Authorities in Anguilla are calling a father from Darien, Connecticut who has been charged in the death of a hotel worker in Anguilla a fugitive after he declined to return to the British Caribbean territory for the latest pretrial hearing.
Scott Hapgood, of Darien, has been charged with manslaughter. He kept silent on the ordeal for months but spoke out publicly for the first time in August to call the whole situation a “living nightmare.”
Hapgood, an investment banker, says he was fighting to protect his family when a hotel worker, Kenny Mitchel, showed up at their room unannounced during their April vacation and demanded money before attacking them, and then died during the struggle. He did not go into details regarding specifics of the attack, just that he was acting in self-defense and trying to save his wife and three children.
A pretrial hearing was scheduled for Monday and a spokesman for Scott Hapgood said Anguillan officials have not given assurances that his client would be allowed to return home on bond. Spokesman Jamie Diaferia says there also have been death threats against Hapgood, adding that Anguilla officials rejected an offer for Hapgood to appear by video Monday.
Dwight Horsford, the attorney general of Anguilla, released a statement on Tuesday and said the presiding magistrate adjourned for a further hearing after Hapgood failed to appear.
“In consequence of this wilful (sic) defiance of the High Court Order, a bench warrant will be sought from the High Court Judge for his arrest. When this is shortly obtained this will be circulated through Interpol to police forces around the world. The bail bond of EC$200,000.00 has been forfeited. Other formal processes will now commence regarding Hapgood who is now a fugitive,” Horsford said in a statement.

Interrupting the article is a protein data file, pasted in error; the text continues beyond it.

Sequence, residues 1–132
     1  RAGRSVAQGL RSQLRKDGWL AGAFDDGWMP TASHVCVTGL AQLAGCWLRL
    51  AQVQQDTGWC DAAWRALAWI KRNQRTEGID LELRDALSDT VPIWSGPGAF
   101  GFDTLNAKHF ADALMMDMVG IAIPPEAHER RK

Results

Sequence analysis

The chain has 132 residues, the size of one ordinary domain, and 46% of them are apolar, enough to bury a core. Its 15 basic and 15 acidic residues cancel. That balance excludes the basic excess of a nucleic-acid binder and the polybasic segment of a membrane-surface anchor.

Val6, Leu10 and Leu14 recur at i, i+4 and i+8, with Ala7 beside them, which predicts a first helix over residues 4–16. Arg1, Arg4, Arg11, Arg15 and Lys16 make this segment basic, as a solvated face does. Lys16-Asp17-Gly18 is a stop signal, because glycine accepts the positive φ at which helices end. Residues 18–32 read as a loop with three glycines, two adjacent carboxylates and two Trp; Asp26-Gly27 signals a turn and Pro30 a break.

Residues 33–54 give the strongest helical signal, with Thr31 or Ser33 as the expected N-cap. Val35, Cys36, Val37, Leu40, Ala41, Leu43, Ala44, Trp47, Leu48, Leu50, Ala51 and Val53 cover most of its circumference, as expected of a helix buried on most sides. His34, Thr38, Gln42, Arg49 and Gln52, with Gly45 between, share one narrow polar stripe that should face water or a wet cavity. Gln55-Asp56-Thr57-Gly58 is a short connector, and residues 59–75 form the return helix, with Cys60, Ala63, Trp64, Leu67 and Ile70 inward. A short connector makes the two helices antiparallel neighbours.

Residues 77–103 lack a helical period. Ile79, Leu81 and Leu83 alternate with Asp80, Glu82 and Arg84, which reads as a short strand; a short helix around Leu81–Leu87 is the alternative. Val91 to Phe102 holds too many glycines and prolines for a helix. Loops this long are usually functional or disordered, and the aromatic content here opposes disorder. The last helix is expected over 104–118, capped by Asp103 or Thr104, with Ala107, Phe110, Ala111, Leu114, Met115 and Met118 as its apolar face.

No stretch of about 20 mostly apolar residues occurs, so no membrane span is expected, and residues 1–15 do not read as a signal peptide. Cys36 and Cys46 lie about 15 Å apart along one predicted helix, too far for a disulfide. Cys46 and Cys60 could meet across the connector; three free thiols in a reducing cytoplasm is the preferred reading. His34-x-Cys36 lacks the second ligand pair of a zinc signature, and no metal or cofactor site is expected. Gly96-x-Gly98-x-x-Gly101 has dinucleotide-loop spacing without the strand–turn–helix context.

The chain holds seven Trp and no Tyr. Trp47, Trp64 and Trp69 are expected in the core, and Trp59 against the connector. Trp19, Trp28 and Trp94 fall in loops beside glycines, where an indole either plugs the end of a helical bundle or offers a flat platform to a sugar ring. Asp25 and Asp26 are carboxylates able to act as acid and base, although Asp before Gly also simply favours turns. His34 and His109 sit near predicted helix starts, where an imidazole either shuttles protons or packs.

Juliya Arbisman, attorney for Scott Hapgood, did not have a comment on the news release from the attorney general and said in a statement that they have not seen the judge’s order and cannot comment on something they have not seen.
Governor Tim Foy, of Anguilla, released a statement on Facebook, saying Hapgood should have no concerns regarding his safety and the grounds for his failure to return to Anguilla are “groundless.”
“Like me, he should have no concerns regarding his safety. Anguillians are a law abiding and peaceful people as clearly evidenced during his previous court appearances. He should share my confidence in the Royal Anguilla Police Force and the arrangements made for his return - arrangements which his own legal team and visiting State Department officials complimented during his previous appearances,” Foy’s statement says, in part.